We went instead to meet Richard, Beth and David at La Terraza, right next to La Parroquia. They had margaritas in front of them, and Chon ordered a coffee, heavily spiked with rum, with a name, nearly forgotten, “Tarugillo”, like “For Dummies” in Spanish. We heard about the trio’s morning walking tour, given by a woman who had written a lovely book about San Miguel with wonderful photos.

View of La Parroquia from La Terrazza

And for lunch? Richard knew of a very pleasant restaurant right around the corner, owned by a Frenchman. Everything was beautifully served, and delicious: Milanesa steak, salad, with a beet salad as well, chicken in almond sauce, tacos. The young waitresses were pleasant and attentive. And Richard introduced us (well, me, anyway) to a lovely drink, kir, that I had heard about before, but never had the opportunity to sample.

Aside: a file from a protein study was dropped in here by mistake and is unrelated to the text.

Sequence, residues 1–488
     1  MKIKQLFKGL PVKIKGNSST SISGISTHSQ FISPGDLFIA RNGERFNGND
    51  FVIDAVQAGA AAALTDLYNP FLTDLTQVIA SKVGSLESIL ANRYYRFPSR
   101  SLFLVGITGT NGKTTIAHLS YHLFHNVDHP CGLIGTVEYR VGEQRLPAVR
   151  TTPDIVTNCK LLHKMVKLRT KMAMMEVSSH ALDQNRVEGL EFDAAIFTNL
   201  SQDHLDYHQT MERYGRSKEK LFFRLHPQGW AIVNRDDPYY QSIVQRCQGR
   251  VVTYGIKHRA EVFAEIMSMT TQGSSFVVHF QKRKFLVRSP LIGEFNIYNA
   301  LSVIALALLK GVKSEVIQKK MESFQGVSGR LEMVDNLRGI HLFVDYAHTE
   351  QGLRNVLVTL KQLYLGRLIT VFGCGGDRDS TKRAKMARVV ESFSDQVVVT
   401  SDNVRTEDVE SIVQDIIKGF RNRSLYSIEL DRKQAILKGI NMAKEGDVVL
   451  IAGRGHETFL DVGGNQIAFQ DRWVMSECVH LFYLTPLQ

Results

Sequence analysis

We continued our visit in the lovely and comfortable jewel of a house where our trio of friends were staying – the home of a designer who rents it by the week to lucky travelers. Each space had natural light from above, from skylights (tragaluzes). The furniture and color and art was very beautiful and comfortable.

We needed to leave at 3, but we stayed until nearly 5:30, relaxed and happy from the wine and conversation.